How to Change Your Mailing Address Online

By Tina RuhlowLast Updated Jan 25, 2021 12:27:41 PM ET
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Moving is not an easy task. There are boxes to pack, new items to purchase, furniture to load and unload, and about a million other tasks to handle. One of the most important "to do" tasks? Changing your mailing address. In the past, you'd have to stop by your local United States Postal Service (USPS) office to fetch a change of address form, which likely entailed lines and long wait times. But, fortunately, times have changed. The USPS now offers an online version of the Change-of-Address form, and, while this service isn't completely free, it’s certainly not going to be the priciest part of your move. Besides, when there are so many other stressors to worry about, convenience is key.

Overview: How to Change Your Mailing Address Online

So, how do you get started? Simply, visit the Official USPS Change-of-Address page. Once there, you can access the Change-of-Address form, which entails following a few simple prompts in order to make the switch official. Pro tip: Be sure to have a debit or credit card handy to pay the nominal change fee. Need a more detailed breakdown? Read on — we’ve got it covered.

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1. Accessing the Change-of-Address Form

After arriving at the USPS Change-of-Address landing page, you'll see a bar consisting of five sections. Each section represents a step in the change of address process. The very first step is identifying who (or what) is moving.

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If you're a single individual, select "individual." If you're a member of a family or household that is moving together, select "family." Is your business on the move? Choose the "business" option. Once that's checked off, you'll need to enter your contact information — name, email address, phone number — into the text fields below. The USPS will use this information to contact you with more information concerning moving savings, complications and other postage updates.

2. Choose a Type of Move

At this point, you'll need to select either a "temporary" or "permanent" move type. Often, "permanent" is the most fitting option, unless you’re planning to return to your old address in the future. Depending on your answer, you may need to select your move dates and return dates. This will allow the USPS to keep track of your mail and deliver it to the correct location.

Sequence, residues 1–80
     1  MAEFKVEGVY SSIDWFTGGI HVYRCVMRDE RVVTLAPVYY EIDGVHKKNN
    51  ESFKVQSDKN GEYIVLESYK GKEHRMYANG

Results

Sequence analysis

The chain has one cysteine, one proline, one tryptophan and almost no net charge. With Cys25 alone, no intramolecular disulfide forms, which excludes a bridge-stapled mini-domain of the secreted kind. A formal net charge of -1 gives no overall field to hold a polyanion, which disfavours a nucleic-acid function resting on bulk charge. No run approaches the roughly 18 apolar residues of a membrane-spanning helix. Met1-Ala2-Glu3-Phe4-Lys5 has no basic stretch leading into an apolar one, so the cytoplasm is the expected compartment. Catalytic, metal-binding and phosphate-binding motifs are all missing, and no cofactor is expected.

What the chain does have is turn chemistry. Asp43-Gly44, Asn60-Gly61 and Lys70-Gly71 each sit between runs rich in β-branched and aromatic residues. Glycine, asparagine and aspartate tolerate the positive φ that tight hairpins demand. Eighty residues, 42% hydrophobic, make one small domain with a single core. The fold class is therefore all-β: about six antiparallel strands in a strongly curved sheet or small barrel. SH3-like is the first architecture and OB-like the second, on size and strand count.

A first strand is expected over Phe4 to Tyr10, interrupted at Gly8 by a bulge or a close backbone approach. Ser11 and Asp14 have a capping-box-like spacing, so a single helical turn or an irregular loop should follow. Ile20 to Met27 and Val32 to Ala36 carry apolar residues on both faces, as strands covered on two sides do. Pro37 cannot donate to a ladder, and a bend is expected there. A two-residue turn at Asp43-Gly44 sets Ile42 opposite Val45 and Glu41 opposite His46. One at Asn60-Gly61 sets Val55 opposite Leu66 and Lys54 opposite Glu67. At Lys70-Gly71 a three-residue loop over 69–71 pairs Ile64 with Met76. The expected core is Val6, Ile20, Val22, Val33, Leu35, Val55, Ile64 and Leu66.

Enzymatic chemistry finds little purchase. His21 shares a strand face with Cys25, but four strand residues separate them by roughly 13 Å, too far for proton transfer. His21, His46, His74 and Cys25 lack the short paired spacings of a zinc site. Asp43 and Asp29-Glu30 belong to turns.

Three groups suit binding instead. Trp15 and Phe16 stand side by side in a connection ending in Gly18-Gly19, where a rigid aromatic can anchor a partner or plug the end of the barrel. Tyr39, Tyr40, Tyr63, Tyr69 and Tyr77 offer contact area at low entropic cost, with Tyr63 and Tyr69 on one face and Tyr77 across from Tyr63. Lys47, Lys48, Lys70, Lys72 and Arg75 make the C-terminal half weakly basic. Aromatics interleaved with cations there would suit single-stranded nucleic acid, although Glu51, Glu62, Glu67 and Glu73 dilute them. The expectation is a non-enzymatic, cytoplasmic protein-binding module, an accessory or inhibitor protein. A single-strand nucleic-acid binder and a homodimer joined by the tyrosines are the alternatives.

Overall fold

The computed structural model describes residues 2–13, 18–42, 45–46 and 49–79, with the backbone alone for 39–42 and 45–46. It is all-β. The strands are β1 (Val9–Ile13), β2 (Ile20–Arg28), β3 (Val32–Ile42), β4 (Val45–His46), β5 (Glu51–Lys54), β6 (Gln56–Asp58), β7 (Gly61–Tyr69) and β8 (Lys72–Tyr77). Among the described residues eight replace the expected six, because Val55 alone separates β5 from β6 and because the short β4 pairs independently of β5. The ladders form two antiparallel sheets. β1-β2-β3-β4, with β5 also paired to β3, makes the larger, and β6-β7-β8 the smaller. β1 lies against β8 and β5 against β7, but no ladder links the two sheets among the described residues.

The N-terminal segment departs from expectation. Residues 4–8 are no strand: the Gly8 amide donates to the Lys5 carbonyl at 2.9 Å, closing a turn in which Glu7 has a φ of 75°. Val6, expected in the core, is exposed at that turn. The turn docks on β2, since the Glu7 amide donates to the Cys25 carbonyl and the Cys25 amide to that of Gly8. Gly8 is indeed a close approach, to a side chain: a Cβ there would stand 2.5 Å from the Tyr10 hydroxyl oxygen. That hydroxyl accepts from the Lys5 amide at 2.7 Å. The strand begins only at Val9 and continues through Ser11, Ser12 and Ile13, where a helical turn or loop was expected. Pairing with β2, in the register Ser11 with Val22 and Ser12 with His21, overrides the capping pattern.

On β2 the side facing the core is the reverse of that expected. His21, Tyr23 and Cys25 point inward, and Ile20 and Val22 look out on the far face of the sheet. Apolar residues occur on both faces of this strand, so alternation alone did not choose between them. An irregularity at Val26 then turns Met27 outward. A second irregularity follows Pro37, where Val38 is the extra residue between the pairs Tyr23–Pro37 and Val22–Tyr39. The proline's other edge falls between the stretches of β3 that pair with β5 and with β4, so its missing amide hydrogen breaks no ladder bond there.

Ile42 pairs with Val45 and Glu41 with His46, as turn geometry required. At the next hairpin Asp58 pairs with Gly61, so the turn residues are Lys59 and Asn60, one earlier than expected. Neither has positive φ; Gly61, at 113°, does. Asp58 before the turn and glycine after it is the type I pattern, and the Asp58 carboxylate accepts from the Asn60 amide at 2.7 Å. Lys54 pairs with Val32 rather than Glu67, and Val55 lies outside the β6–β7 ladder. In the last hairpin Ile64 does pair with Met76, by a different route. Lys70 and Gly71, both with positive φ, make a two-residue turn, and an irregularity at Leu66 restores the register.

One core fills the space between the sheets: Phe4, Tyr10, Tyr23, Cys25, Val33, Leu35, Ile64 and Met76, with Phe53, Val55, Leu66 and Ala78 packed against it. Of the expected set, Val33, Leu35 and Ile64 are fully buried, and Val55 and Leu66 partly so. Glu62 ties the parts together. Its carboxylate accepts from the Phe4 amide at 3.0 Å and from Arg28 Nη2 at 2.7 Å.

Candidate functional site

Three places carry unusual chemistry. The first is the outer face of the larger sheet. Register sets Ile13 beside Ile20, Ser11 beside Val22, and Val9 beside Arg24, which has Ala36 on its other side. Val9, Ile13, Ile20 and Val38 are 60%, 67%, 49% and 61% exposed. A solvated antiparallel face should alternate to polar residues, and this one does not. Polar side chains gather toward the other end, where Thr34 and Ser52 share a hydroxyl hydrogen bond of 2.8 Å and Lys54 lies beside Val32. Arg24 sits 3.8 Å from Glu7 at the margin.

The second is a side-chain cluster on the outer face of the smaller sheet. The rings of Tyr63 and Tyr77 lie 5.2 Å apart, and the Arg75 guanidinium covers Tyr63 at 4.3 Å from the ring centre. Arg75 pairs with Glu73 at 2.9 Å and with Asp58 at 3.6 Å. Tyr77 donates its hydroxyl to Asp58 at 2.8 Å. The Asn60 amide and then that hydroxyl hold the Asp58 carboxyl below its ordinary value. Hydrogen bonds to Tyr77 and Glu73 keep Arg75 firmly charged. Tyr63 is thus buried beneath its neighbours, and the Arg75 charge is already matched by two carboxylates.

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You'll also be asked when you would like your mail to be forwarded to your new address, ensuring that you won’t miss an important letter or bill. Finally, you'll need to fill in your new address. Straightforward enough, right? Best of all, it’s all online, which means you won’t need to clutter your new home with change-of-address paperwork.

3. Pay and Change

Changing your mailing address in-person at a USPS office is typically free of charge. However, changing your address online does cost a little bit of money. Before you can submit your change of address, you'll need to pay a $1.05 processing fee.

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That's not a ton of money, especially when you consider that the average local moving costs come in at around $1,250. Saving all that time and energy is likely worth the nominal fee, but it’s still something to consider before you submit your form.

Don't Forget to Update Your Driver's License Too

So, you’ve let the USPS know about your move — what’s next? While you’re filling out this kind of paperwork, we recommend updating your driver’s license to reflect your new address too. After all, the sooner you get it done, the sooner you can stop worrying about it. Of course, visiting the Department of Motor Vehicles (DMV) can be a hassle, so much so that some folks spend entire work days waiting in line, bored and impatient.

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Thankfully, many states offer online renewals and change-of-address services for those with motor vehicle licenses, especially in the wake of the COVID-19 pandemic and stay-at-home orders. Even if you just have a state-issued ID, you’re likely able to change the address associated with it from the comfort of your home. Again, there’s a nominal fee, but, if you have the option to update your license from home, it’s likely worth skipping out on the DMV headache. Since these regulations and options vary from state to state, be sure to check with your local DMV ahead of your move.